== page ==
## Anagrams

### April 10, 2009

Our solution reads each word in the dictionary, “signs” the word by sorting its letters, and stores it in a hash table with other words that have the same signature. On request, the anagrams of an input word are determined by signing the input word and looking up its anagrams in the hash table. Here we compute the signature:

`(define (sign word) (list->string (sort char<? (string->list word))))`

Here we define the hash table and read the dictionary. The update function conses the new word onto an existing list of words with the same signature, or begins a new list if none exists:

`(define anagrams (make-hash string-hash string=? '() 99991))`

```(with-input-from-file "/usr/dict/words"   (lambda ()     (do ((word (read-line) (read-line))) ((eof-object? word))       (let ((key (sign word)))         (anagrams 'update key (lambda (k v) (cons word v)) (list word))))))```

Looking up the anagrams of a word is simple:

`(define (anagram word) (anagrams 'lookup (sign word)))`

The local dictionary doesn’t store plurals, so it finds only three anagrams for post:

```> (anagram "post") ("stop" "spot" "post")```

To find the largest anagram class, we sort by class size in descending order:

```(define (by-class-size-desc a b)   (let ((a-size (length (cddr a)))         (b-size (length (cddr b))))     (> a-size b-size)))```

```> (cdar (sort by-class-size-desc (anagrams 'enlist))) ("trace" "crate" "cater" "carte" "caret")```

Other dictionaries find larger anagram classes.

Our solution uses make-hash, string-hash, sort and read-line from the Standard Prelude. You can see the solution at http://programmingpraxis.codepad.org/b5C4nEf9.

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### 10 Responses to “Anagrams”

1. FalconNL said

```import Data.List
import GHC.Exts
import Control.Arrow
import Data.Map (Map, findWithDefault, fromList)

main = do words' <- fmap lines \$ readFile "words.txt"
print . last . sortWith length \$ map (anagrams (anagramMap words')) words'

anagramMap :: [String] -> Map String [String]
anagramMap = fromList . map (sort . head &&& id) . groupWith sort

anagrams :: Map String [String] -> String -> [String]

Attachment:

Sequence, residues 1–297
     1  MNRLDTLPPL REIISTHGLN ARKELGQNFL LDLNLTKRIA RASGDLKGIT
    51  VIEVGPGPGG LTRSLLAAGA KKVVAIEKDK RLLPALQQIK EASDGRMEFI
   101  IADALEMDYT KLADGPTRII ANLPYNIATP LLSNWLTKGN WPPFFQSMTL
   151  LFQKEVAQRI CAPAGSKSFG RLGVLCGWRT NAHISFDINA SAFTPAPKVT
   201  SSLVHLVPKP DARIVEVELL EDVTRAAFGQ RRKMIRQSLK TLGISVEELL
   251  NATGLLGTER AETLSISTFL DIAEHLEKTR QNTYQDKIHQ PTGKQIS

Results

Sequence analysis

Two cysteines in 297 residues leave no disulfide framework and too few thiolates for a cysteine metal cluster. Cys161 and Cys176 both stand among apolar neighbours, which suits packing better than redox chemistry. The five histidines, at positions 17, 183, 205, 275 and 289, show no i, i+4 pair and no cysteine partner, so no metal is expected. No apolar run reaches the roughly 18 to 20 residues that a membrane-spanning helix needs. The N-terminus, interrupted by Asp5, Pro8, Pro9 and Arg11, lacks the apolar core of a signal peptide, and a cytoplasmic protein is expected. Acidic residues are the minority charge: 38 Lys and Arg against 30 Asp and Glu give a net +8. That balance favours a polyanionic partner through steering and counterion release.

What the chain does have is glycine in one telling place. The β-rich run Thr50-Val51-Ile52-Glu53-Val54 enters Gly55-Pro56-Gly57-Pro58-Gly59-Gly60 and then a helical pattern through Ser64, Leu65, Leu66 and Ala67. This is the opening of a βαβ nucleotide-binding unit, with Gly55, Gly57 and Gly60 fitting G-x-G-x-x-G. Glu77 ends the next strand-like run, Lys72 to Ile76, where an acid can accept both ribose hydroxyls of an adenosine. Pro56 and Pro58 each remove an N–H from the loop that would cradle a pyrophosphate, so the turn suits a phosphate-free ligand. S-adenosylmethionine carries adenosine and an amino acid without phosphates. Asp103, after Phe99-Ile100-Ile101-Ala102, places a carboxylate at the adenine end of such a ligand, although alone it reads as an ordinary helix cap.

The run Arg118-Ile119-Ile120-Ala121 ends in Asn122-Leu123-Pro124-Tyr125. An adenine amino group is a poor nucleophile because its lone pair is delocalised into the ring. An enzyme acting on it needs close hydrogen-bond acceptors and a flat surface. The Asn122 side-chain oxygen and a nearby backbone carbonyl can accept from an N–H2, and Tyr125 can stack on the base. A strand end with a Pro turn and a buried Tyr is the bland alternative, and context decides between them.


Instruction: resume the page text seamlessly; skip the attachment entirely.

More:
anagrams d s = findWithDefault [] (sort s) d
```

Largest anagram class in my dictionary: ["pares","parse","pears","rapes","reaps","spare","spear"]

2. g said

python:

```
wordlist = [line.strip() for line in open("WORD.LST")]
dic = {}
for word in wordlist:

def find_anagrams(str):
anagrams = ()
if len(str) in dic:
for word in dic[len(str)]:
match = True
for letter in frozenset(str):
if str.count(letter) != word.count(letter):
match = False
break
if match:
anagrams += word,
return anagrams

def longest_anagram():
anagrams = ()
for key in dic:
anagrams += tuple(find_anagrams(word) for word in dic[key])
return max(anagrams, key=len)
```
3. [...] we have used in several exercises (Mark V. Shaney, Word Frequencies, Dodgson’s Doublets, Anagrams). Hash tables are often used as the underlying implementation for dictionaries, and in a previous [...]

4. kryptosfan said

I’m not much of a programmer but if we can look past that character deficit…

Anyways, I’m looking at the puzzle sculpture Kryptos and think the keywords can be retrieved from the Morse Code messages via anagramming. I’m trying to recruit help from folks with an interest in anagrams across WordPress. I kept the details brief because it’s all available online. Besides help, I was wondering if there are anagram methods that work in an algorithmic method allowing you to systematically build a second plaintext message from the original. I may be grasping at straws here but I was hoping you and maybe your readers might have some direction for me as I feel rather lost. Thanks!

5. Abhijith said
```def anagram(file)
table = []

File.open(file).each_line do |word| # assumes one word per line
unsorted = word.chomp             # get rid of \n
sorted = unsorted.split("").sort.join("")
if table.has_key?(sorted)
table[sorted].push(unsorted)
else
table[sorted] = [].push(unsorted)
end
end

table
end

def longest_anagram_class(hash)
hash.sort_by { |k, v| -1 * v.length }.first.last
end

h = anagram("/usr/share/dict/words")
puts "Longest anagram class #{longest_anagram_class(h).inspect}"

```

output:
=> Longest anagram class ["angor", "argon", "goran", "grano", "groan", "nagor", "orang", "organ", "rogan"]

6. Abhijith said

Improved version and shorter version.

``` def anagram(file)
table = Hash.new { |hash, key| hash[key] = [] }

File.open(file).each_line do |word| # assumes one word per line
unsorted = word.chomp             # get rid of \n
sorted = unsorted.split("").sort.join("")
table[sorted].push(unsorted)
end

table
end

def longest_anagram_class(hash)
hash.sort_by { |k, v| -1 * v.length }.first.last
end

h = anagram("/usr/share/dict/words")
puts "Longest anagram class #{longest_anagram_class(h).inspect}"
```
7. [...] From an anagrams programming page: [...]

8. [...] Phil from Programming Praxis had posted this problem in his post. You can also find the implementation in different languages. Share/BookmarkRelated [...]

9. [...] Anagrams Words that are formed from the same set of letters are anagrams of each other. For instance, pots, post, stop, spot, opts, and tops are anagrams. Your task is to write a program that, given a dictionary and an input word, prints all the anagrams of the input word. You are also to determine the largest anagram class in your dictionary. [...]

10. Vikas Tandi said

Here is my implementation in C